Let’s just get a few things out in the open right off the bat:  First, this is a children’s adventure story with some comical elements, which is the complete opposite of Dreamworks’ flagship animation, Shrek.  The laughs are far and few between with this one, and when they do come, they’re nothing mind-blowing.  If you go into this movie with the expectation of a comedy, you’ll be severely disappointed.  Second, you’ll recognize Craig Ferguson’s voice and…well, that’s about it.  There’s some talent that may make you go “That was…?”, but again, nothing spectacular.  And that’s the general feeling of this entire movie.  It won’t be noteworthy to the general viewer.  The plot is thin, the animation is just decent enough for the story, and the main characters aren’t deep or sympathetic.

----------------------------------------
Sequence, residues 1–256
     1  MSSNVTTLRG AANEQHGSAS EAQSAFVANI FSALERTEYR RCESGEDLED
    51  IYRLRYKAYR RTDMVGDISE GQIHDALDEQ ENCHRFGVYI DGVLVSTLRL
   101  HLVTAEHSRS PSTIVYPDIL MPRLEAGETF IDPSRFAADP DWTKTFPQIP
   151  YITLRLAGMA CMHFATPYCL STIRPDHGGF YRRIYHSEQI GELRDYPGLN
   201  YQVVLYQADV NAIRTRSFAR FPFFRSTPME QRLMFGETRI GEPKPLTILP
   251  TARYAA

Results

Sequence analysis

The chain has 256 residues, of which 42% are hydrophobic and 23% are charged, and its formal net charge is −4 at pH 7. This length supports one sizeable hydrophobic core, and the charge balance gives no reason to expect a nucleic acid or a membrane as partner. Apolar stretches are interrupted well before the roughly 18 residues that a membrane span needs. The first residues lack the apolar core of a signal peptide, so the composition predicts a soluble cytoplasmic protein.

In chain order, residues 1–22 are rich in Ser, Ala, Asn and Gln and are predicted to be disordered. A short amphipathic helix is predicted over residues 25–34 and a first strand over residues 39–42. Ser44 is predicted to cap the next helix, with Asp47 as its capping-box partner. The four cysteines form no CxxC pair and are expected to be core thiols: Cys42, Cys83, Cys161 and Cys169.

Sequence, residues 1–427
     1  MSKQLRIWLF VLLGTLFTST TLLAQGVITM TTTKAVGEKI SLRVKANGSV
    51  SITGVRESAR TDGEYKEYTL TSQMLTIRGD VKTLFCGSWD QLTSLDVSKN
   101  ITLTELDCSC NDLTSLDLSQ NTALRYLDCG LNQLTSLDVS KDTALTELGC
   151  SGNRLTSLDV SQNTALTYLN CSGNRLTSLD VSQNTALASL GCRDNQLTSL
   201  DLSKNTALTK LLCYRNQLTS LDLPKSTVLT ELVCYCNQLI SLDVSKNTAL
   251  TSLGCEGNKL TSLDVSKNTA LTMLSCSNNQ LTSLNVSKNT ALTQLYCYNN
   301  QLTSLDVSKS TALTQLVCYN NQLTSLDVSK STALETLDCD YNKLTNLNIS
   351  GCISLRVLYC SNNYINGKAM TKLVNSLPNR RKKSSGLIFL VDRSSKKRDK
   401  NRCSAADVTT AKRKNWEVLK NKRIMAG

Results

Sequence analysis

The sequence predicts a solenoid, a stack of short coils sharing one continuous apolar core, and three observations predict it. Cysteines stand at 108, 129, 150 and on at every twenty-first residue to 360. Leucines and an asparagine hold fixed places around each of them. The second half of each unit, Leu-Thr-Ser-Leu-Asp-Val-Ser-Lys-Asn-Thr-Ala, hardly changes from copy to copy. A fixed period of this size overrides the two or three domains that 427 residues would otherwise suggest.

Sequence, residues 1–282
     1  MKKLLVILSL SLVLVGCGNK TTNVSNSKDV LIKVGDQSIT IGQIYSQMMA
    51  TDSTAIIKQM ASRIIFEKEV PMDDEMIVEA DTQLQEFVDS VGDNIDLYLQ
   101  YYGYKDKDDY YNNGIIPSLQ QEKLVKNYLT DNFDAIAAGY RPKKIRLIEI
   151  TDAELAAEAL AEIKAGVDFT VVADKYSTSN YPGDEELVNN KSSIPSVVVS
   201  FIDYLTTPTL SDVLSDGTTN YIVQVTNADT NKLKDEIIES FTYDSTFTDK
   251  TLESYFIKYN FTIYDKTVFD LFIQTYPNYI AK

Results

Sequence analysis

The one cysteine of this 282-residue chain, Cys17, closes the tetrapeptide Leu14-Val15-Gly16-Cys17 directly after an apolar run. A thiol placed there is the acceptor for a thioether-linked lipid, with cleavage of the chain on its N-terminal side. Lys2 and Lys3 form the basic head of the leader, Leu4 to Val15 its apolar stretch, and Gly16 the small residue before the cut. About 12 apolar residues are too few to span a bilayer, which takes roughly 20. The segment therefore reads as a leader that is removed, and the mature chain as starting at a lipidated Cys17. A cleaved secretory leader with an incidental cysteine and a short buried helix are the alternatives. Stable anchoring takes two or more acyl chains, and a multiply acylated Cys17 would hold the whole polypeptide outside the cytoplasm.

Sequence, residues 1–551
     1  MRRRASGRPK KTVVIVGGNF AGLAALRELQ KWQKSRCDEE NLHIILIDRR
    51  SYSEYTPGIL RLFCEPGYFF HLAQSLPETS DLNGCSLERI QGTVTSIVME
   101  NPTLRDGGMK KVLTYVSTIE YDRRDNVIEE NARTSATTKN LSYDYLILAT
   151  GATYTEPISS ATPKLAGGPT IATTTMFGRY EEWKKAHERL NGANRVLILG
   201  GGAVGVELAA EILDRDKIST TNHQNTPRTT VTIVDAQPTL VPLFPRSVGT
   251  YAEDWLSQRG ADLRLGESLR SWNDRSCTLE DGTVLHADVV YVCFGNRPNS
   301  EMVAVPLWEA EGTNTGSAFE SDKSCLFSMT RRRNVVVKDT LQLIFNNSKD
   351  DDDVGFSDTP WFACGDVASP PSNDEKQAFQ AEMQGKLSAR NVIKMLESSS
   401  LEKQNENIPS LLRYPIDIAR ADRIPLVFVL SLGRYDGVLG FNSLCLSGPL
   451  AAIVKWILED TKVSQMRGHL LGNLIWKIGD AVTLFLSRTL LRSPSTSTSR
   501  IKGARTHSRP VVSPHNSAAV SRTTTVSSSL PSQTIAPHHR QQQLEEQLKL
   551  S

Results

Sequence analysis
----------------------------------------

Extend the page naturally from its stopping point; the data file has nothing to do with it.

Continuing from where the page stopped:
The film does shine, however, with a few scenes.  The fact that the main character, Hiccup, uses previously attained observations in his battles without giant neon signs pointing out to the audience that they were retrieved from a particular scene is appreciated.  The father of the meek Hiccup is surprisingly well-rounded, where some writers/directors would’ve used a one-track authority figure dealing with a ne’er-do-well member of the tribe.  But with such a simple plot that’s obviously aimed toward younger children, this element is bulky, as if the creators knew it should be there but weren’t sure what to do with it.

With the forced love interest sub-plot, extraneous scenes and characters, and contradictory character development (Ever see bees turn on their queen?  Then why would comparable creatures do so with only the suggestion of their eons-long enemy?), the story isn’t worth viewing unless you have a very little one who finds dragons adorable.  And even then, borrow the DVD and play it on mute.